Paper or Plastic?

The recent decision by New York State to prohibit single-use plastic bags from retail stores makes it an ideal time to reexamine one of my favorite environmental quandaries. Plastic grocery bags were developed as a substitute for paper bags in the late 1970s. It was promoted as a way to save trees and prevent the cutting down of our forests.

The opinion that paper is superior to plastic for the environment is not really based on science or fact. It is based on misunderstandings about the way that plastic bags are made, how a landfill works and the assumption that non-biodegradable products are bad for the planet. 

But what about cotton bags? According to Qz.com, they must be reused thousands of times before they equal the environmental performance of plastic bags. The Denmark researchers note that organic cotton is even worse than conventional cotton in relation to environmental impact. According to the article, organic cotton bags must be reused more times than conventional cotton bags based on the assumption that organic cotton has a 30% lower yield rate per acre than conventional cotton, and therefore was presumed to require up to 30% more resources like water, to grow the same amount. Everything we do, every bag, whether plastic, paper or cotton, has some kind of an impact on the environment.

But plastic bags are reusable. Some of the ways I reuse plastic grocery bags are as trash can liners, item storage and storing paint brushes for use the following day so they don’t dry out. With this ban, I will be forced to buy plastic bags for these purposes. So the ban on plastic bags will not reduce my use of plastic bags and will in fact create more waste and cost me money.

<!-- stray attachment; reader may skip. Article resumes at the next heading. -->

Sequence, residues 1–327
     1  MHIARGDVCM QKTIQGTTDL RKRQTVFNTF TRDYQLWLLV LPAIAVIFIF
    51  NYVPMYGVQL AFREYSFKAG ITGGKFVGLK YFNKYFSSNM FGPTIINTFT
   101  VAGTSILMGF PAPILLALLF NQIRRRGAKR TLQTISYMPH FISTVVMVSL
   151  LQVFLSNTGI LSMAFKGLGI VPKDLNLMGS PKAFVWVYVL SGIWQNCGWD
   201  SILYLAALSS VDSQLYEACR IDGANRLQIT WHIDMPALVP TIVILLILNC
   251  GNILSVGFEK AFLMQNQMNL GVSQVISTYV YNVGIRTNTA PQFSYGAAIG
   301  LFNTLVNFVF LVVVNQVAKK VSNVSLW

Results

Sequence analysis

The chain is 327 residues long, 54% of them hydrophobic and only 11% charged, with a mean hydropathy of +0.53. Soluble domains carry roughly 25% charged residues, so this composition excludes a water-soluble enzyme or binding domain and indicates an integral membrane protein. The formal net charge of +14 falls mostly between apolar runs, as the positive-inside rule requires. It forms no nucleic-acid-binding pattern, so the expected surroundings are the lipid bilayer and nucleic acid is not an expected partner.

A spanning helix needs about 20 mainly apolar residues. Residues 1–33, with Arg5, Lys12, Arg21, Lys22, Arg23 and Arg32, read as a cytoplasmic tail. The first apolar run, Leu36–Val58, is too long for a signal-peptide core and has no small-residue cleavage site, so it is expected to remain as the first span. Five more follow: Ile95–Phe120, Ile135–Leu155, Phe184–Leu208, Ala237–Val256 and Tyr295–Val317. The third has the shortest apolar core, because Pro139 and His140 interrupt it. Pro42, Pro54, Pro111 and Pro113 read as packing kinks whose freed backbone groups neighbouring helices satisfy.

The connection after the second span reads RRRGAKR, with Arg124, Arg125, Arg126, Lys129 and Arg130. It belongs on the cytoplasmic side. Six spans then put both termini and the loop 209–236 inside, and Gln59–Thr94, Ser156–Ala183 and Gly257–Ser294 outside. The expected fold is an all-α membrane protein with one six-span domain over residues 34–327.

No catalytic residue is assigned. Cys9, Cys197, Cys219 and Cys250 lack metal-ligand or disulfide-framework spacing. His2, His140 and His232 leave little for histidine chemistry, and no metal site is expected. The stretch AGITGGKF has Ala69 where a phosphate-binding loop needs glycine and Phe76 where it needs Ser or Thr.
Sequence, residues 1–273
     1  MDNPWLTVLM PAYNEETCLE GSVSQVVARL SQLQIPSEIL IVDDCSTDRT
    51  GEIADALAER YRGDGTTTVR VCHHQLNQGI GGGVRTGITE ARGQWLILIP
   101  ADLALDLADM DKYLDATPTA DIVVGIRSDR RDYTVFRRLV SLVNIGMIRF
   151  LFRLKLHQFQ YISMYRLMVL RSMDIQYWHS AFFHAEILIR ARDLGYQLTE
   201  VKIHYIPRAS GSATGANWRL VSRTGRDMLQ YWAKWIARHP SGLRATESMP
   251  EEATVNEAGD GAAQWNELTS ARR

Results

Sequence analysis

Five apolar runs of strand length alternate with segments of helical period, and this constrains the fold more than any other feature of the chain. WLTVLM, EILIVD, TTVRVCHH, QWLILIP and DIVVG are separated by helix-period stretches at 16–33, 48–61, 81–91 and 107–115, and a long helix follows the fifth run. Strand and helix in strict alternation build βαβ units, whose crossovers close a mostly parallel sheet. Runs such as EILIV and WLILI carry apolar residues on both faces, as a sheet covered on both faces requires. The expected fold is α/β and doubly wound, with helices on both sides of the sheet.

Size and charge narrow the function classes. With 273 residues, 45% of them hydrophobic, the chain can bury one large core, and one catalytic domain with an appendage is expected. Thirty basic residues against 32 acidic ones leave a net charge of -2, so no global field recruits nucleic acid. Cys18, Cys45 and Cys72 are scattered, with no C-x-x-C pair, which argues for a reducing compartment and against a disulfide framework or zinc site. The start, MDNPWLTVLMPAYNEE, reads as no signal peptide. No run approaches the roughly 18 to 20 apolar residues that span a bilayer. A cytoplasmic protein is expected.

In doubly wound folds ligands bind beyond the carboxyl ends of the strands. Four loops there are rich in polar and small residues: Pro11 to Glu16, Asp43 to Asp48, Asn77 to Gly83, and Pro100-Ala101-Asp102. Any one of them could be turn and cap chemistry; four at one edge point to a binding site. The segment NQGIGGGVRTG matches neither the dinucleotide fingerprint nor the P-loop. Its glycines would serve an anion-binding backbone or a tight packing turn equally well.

The discussion over the environmental impact of paper versus plastic has led to a number of life cycle assessment studies in Europe and North America. These evaluations show that regular plastic bags are much safer for the ecosystem than paper bags are.

In 2011, an Irish government research paper said that “it takes more than four times as much energy to manufacture a paper bag as it does to manufacture a plastic bag.” According to research, the manufacturing process also produces a greater amount of toxic chemicals when compared to making single-use plastic bags.

The Ontario Ministry of the Environment collected data that tracked the province’s plastic bag reduction program. It shows a 59.1% rate in the reduction in the use of plastic shopping bags. The United Kingdom’s Environmental Agency did a study of paper supermarket bags and found that they contribute three times as much to global warming than plastic shopping bags do.

A published Life Cycle Assessment, from EcoBilan, a division of Price Coopers Waterhouse, shows that in their manufacture, paper bags consumes over xxx times more energy than the manufacture of plastic bags. They also said that paper bag manufacture consumes over four times more water than the manufacture of plastic bags. Many studies agree that paper bags carry a substantial environmental impact in their manufacture that is not seen with plastic bags.

It is not easy to reuse paper bags because they have a tendency to tear and they get soggy when they get wet. Paper grocery bags are heavier than plastic bags. The typical plastic shopping bag weighs 0.28 ounces whereas a standard, 20 pound, Kraft paper, grocery bag weighs over 1¾ ounces. The largest and most significant result of changing from plastic to paper grocery bags will be the additional amount of volume and weight that paper bags will add to the solid waste stream. This additional amount will include a significant increase in the volume of greenhouse gas emissions that are generated to transport it to the landfills.

Plastic bags also play an unseen role in the conservation of the planet. In Canada, plastic bags are made from the ethane that is usually burned off during the natural gas refining process. Burning off this gas as opposed to using it to manufacture plastic bags also adds to the greenhouse gas in our atmosphere.

It takes only one truck to carry two million plastic bags but seven trucks to ship the same number of paper bags. The contrasts connected to plastic and paper strongly indicates why banning plastic bags won’t help. We are merely swapping one problem for another.

 Case in point, in 2006, Taiwan rescinded a ban on plastic bags in their fast food sector. The ban led to an increase in the use of paper bags with a substantial increase in waste management costs and greenhouse gas emissions. Nothing is without a downside.